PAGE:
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fre·mo·cen·trist (f'mō-sĕn'trĭst) n. one who deeply believes all in the universe revolves around the Seattle neighborhood of Fremont - fremocentric adj. see Kirby Lindsay
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fre·mo·cen·trist (f'mō-sĕn'trĭst) n. one who deeply believes all in the universe revolves around the Seattle neighborhood of Fremont - fremocentric adj. see Kirby Lindsay
           
       The Archives: Published November 1, 2010 - The Fremocentrist
Art Walk: A Tale of Two ‘Galleries

by Kirby Lindsay

A Tale of Two Galleries img1 It may be a dark and cold, and even stormy, night but that won’t stop the Fremont First Friday Art Walk from offering up fun, festivities and fabulous art for those hardy Seattle souls walking briskly among Fremont’s art venues.

Two businesses participating in the November 5th Art Walk, from 6p - 9p, demonstrate the diversity among Fremont’s ‘galleries,’ and the wealth of experiences awaiting Art Walkers.

From Attendee To Participant

Juliette Delfs, co-owner of Hub & Bespoke, said, “I’ve always enjoyed ‘doing’ Art Walk in the different neighborhoods.”  Those experiences naturally led Delfs to participate in Fremont’s.  “We wanted to support this terrific social event,” she explained by e-mail, “it’s a nice way to make an evening.”

Hub & Bespoke opened its doors in May of 2010, offering Seattleites everything they need to use their bikes for transportation - bike accessories, gift items, and a significant selection of clothing specially designed for riders.  For women, Hub & Bespoke offers clothes designed for comfort and movement, and dispersing body moisture.  For men, designers cut the clothes differently from street wear, Delfs explained, to be closer fitting, which avoids the need to tuck and re-tuck.

Delfs wants the store mission to be reflected in the art displayed, with artists featured whose work speaks to the pleasures of bikes, and bike transportation in urban settings.  The current display, paintings by Tess Corrinne Jordan, also reflects the artist’s memories of September in Italy.

“For me, it’s being part of the community,” Delfs said about participating in the Art Walk.  “We’ll make it work,” she explained about the effort needed to be open every month.  She plans to change the art quarterly but in only her second month as a ‘gallery,’ Delfs admitted that she needs to see how it goes.  “It’s a long, long day for me,” she explained, yet she knows personally that, “it’s a nice way to make an evening.”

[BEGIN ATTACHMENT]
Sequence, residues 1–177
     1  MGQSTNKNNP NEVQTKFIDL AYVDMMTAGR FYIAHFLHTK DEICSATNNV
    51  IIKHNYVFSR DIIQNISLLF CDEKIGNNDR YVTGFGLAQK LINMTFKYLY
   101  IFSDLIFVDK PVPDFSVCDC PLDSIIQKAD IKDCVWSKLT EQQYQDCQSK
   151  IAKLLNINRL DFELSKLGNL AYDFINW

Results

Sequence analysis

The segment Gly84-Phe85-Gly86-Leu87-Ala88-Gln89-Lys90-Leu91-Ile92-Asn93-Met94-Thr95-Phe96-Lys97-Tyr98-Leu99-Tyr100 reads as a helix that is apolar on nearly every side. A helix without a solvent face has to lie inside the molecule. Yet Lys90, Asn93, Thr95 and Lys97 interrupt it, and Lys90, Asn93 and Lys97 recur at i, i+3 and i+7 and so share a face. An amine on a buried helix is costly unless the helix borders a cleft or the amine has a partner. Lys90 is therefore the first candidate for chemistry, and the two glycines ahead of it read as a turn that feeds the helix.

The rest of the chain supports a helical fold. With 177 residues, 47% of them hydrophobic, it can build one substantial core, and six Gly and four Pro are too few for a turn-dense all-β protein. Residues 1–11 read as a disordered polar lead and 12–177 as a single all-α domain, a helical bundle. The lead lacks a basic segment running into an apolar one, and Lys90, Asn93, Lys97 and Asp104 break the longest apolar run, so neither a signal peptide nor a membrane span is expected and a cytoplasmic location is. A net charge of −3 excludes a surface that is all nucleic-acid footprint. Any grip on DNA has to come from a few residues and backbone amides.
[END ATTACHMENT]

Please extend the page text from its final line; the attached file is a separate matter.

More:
From Footnote to Full On Party

A Tale of Two Galleries img2

The 509 Wines Tasting Room first opened in September 2009, and didn’t show art during its early participation in the Art Walk.  Instead, they offered a place Walkers could start, and/or end, their evening over a fine glass of wine.

Early in 2010, Tasting Room manager Stacey Fujimura began to show art.  “We would get about 30 to 40 people,” she said, even with displays of fine works by respected artists.  For example, this month they have Pacific Northwest artist Stephanie (Sullivan) Broker, whose oil and acrylic paintings convey her explorations of identity and emotion.

Then, “in May, we had a big Syrah Rose release party,” Fujimura reported, about the celebration of the Cote du Fremont label.  Kevin Conroy, 509 co-owner, wanted something ‘more Seattle’ than the usual nibbles, so they booked the barbeque pig truck, MAXImus/MiniMUS.  “It was such a big hit,” Fujimura remarked, as the party drew in 400-plus guests, “people loved the urban food, and loved the whole party atmosphere.”

Since then, Fujimura has scheduled a food truck for each First Friday – including Kaosamai and Dante’s Inferno Dogs.  November visitors can dine on Creole soul food served up by Where Ya At Matt.  Then, on the second Friday, the Tasting Room welcomes a dessert truck to their parking lot, with Street Treats on hand on November 12th.

“The other thing that’s evolved,” Fujimura went on, “is that Kevin asked The Jelly Rollers to play.”  With their own live house band to perform blues rock, 509 Wines entertained 300 people at the Art Walks in September and October.  “Kevin loves it that people are hanging out in the neighborhood,” Fujimura explained.  “I see people at the bar, marking their routes,” she said of the handouts provided for Art Walk, “circling the places they want to see.”

The walk from Hub & Bespoke to 509 Wines may look like a hike, but with so much to offer – and to see – along the way, why not stroll on November 5th?  These two ‘galleries’ have plenty to offer, but many others also participate in First Friday Art Walk.  Check it out!


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©2010 Kirby Lindsay.  This column is protected by intellectual property laws, including U.S. copyright laws.  Reproduction, adaptation or distribution without permission is prohibited.

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